Did Society fail Arthur Fleck? Perfect Example How Society Sees People With Mental Illness

I am sure many of you must have seen the JOKER an American psychological thriller film released in 2019. Do you remember Arthur Fleck? The Joker, who wears two masks, one for his job as a clown, and later to conceal his image in the world around him. 

In this movie, Arthur Fleck wanted what the majority of people want. Love, care, respect, good mental health care, and being treated nicely and equally.

What did he get in reality? Society bullies him, excludes him, makes fun of him, and brings him to the point where he crosses the line. We all have demons inside and there is a very thin line, if that is triggered on a unilateral level, might do grave damage.


How Did Society fail Arthur Fleck?

What amused me while watching the movie is that when a heinous crime is committed by an individual, we quickly sum it up as it being nothing more than the result of that individual being a psychopath or a mental retard.

Maybe it is a societal coping mechanism; a safeguard or a way for us to separate ourselves from them, and into a different, normalized category, that whatever caused that individual to commit such a heinous crime was the result of a one-off, chemical imbalance of inhuman proportions. But it isn’t true.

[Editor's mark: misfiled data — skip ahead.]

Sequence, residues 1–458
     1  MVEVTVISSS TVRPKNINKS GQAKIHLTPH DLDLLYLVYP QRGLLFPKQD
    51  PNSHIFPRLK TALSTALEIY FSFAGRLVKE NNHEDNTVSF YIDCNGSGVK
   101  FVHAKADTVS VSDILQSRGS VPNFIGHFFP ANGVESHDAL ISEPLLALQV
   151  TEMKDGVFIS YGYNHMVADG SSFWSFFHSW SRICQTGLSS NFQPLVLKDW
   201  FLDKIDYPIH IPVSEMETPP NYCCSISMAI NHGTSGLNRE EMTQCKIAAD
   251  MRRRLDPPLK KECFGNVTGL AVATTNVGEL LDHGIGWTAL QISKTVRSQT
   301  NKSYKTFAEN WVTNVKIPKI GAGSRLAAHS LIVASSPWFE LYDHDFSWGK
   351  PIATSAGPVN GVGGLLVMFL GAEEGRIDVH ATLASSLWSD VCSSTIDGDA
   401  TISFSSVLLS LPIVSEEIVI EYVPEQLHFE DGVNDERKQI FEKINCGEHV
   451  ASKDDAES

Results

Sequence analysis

Did Arthur Fleck have mental problems? Yes. But having mental problems is a normal part of being human and therefore not synonymous with being innately crazy. How many of us suffer from anxiety or bipolar disorders, or depression or ADHD, etc.? How many of us get timely treatment or even approach for getting treated?

How many of us are guilty of taking out our or literally exploded because of our anxiety issues and our anxiousness on our loved ones? Gone to the level of self-harm? Had a series of negative, brutal thoughts? But people learn to suppress it and wear a mask, just like this joker. A mask that preserves their real identity because once it is pushed beyond a level the bruises will turn into a deep wound that won’t heal easily rather will have a lot of repercussions unaltered.


Arthur Fleck

How Society Saw Arthur Fleck if ever they saw him

Arthur Fleck (Joaquin Phoenix) was an amateur stand-up comedian and a professional clown.  He loses access to his therapist, he loses his job as a clown causing him to succumb to madness, killing his deceitful mother, a mother who gave him a terrible upbringing, all this and a lot more provokes him to take the identity of The Joker.

He suffered from a disorder that causes him to laugh unceasingly at the most inopportune times, it occurred mainly when he is nervous. Combine this with a haunted past, a horrible home life, a failed career (purpose), being publicly ridiculed for pursuing his dream, rejection, the denial of sorely needed medical treatment, and getting the shit kicked out of him in an utter state of helplessness and humiliation, twice, all taking place over the course of a few days, it ends up being enough to drive him completely over the edge.